But some things are worth going crazy over.
(The following is occasioned, of course, by the long-awaited official SBD release of November 21 to 23, 1997.)
The fandom responded ecstatically to the tour at the time, as you'd expect; among other things it represented a sea change in how the band approached show structure (never mind the pornographic music itself) -- some folks were convinced that 'there [were] no first sets anymore,' and given that this show kicks off with a 20-minute funk workout, it's easy to see why. Time has been kind to the tour as well. With the benefit of hindsight we can see how Fall '97 began a darkly generative period for the band (their imaginative freedom nightblooming even as their technical command and professionalism began to falter amidst a rapidly decaying backstage/fan scene), while representing a historic peak of possibility and intensity. With only a couple of exceptions, the band was just absolutely *there* every single night, taking song after song to deep dangerous places.
It was a good time to be a Phish fan.
The best jams of 2011 -- R'n'R at the Gorge, the Tahoe Light, the brilliant 'elements' set at UIC -- seemed to draw some of the same dark energy that powered Phish's late 90s music: layered textures, intricate polyrhythms, effortless group interplay, soaring ambient passages, guitars put to unholy new uses, keyboards much abused, drums caressed and then shattered. Above all, the music flows now almost as it did then, with extraordinary patience and organic inevitability.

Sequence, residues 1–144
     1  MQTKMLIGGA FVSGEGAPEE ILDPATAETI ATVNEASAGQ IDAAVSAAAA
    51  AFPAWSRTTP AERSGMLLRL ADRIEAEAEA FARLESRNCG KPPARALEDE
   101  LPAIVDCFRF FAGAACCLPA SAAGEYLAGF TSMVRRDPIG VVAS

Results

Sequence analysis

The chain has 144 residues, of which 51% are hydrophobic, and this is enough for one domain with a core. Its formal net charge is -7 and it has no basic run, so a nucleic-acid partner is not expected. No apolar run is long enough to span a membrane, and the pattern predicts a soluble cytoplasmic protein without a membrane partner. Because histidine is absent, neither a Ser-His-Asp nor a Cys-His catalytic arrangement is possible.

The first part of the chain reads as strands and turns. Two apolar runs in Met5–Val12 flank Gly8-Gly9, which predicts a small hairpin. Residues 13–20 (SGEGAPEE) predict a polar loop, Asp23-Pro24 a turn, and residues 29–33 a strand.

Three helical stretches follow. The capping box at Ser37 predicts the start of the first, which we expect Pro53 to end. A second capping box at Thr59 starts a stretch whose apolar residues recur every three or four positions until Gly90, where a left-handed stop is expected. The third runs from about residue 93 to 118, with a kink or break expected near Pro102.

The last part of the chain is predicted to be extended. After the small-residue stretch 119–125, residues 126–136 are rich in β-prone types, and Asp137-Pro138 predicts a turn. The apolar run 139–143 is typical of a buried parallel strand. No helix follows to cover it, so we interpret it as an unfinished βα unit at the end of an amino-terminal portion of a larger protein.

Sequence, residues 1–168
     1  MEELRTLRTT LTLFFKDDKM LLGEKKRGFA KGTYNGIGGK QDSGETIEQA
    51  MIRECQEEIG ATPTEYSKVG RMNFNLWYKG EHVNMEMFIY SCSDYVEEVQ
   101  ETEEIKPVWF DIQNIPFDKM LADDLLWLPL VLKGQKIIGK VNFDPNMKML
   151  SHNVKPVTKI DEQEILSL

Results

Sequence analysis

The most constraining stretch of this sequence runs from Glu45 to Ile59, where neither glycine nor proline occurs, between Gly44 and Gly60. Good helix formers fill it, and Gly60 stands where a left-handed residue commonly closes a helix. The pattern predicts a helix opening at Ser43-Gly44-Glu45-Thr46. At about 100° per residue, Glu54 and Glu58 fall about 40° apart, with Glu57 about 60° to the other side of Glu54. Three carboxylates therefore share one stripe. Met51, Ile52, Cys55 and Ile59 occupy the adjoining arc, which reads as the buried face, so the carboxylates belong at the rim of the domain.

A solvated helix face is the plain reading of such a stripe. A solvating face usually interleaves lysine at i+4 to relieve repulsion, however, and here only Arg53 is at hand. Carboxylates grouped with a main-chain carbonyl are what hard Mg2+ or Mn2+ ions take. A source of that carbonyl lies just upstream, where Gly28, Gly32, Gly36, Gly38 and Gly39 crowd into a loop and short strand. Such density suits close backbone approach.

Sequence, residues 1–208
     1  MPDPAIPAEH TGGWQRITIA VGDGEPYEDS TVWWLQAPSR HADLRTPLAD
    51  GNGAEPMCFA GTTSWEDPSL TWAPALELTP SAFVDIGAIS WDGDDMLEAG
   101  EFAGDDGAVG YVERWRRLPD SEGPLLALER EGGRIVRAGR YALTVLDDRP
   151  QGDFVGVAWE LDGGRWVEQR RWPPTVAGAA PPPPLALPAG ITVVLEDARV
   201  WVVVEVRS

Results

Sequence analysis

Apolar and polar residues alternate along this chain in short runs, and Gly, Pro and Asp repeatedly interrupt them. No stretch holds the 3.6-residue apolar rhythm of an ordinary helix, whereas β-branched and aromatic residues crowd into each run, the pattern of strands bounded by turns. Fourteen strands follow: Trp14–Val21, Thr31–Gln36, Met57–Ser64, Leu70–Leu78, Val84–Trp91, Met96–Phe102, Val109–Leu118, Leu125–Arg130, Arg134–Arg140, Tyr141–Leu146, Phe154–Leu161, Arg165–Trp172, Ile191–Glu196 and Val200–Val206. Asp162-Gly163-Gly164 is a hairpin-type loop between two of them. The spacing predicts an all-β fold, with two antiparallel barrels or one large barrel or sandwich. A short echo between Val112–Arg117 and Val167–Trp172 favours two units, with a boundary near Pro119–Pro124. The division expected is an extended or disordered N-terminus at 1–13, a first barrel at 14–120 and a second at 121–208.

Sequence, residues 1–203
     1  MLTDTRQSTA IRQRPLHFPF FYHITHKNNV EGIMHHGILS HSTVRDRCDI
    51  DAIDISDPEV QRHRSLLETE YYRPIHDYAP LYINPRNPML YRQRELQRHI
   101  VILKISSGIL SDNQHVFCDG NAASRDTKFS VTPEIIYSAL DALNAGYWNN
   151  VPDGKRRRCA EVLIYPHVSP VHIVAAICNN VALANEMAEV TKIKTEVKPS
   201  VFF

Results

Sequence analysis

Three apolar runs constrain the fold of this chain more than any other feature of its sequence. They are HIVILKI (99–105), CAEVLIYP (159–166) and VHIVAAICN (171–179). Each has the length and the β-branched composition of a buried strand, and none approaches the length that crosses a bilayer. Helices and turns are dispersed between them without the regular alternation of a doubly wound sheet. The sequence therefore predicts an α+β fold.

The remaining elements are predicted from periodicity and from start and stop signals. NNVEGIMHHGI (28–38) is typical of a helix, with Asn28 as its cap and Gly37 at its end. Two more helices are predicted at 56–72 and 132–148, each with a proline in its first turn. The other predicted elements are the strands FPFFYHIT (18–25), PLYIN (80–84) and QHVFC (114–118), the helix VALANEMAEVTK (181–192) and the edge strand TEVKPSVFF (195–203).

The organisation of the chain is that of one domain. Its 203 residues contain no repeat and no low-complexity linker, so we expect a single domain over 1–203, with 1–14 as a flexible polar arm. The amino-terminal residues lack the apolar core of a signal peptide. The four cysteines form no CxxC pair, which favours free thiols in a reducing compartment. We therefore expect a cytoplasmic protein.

But what's missing from Phish 2011 is the black ice that became their premillennial music's center: cool austerity of early 'cow funk,' anxious chaotic 'space jams,' the *scary* quality it had. (Hear the way Izabella comes roaring out of 12/6/97's fog like an angry undead stowaway, or the teeth-gnashing mania of the Hartford Char0 > 2001. A lotta Hendrix in the air, then.)
For all the expansiveness and ambition of the band's Fall '97 work, the tour feels All of a Piece; it all belongs together, the maniacal Hampton/Winston-Salem stuff and the knives-in-blacklight Worcester jamming and the retro-dufus-turned-pornstar goodtimes in Dayton and the astral lullabies in Utah and, and, and oh those sorcerous goings-on and splashings-crashward in Auburn Hills (cloudpiercing peak of a deepwater volcanic island). The same can't so much be said of the new music; ironically, as the band's palette has grown to include more lived-in sounds (and whatever eerily the goddamn 'storage shed' jamming is, when it eerily ever is), they've lost the glasseyed focus of back-in-the-day. They might sound like any number of great bands these days, even Zeppelin a bit when the moon's right, but there was something harrowing and deeply pleasurable about knowing (walking into a familiar room, strangers at close quarters in the dark) that the approach was gonna be, ready set go, THE METERS AND PINK FLOYD ARE TRAPPED TOGETHER FOREVER ON A DERELICT SPACESHIP ALL ECHOES AND GHOSTS AND ALONE AND THEY ARE SAVED FROM COLD DEATH ONLY BY THE WEIRD COSMIC FAVOUR OF PLUNGING SLOWLY INTO AN OCTARINE SUN, GAINING SPEED, FALLING, HOLD ON...
To the matter at hand.
Emotional Rescue isn't a great choice of cover beyond its novelty/comedy value -- the jokey falsetto and sparse texture wear thin some time before the jam starts -- and the jam does feel like a show-opening warmup, which of course it is. But 17 minutes of shambolic Phish funk (climaxing in a transitional few minutes of lovely dark ambience) is a fine easygoing thing, regardless. And it leads into a very nice Split, for which we supplicants are naturally thankful.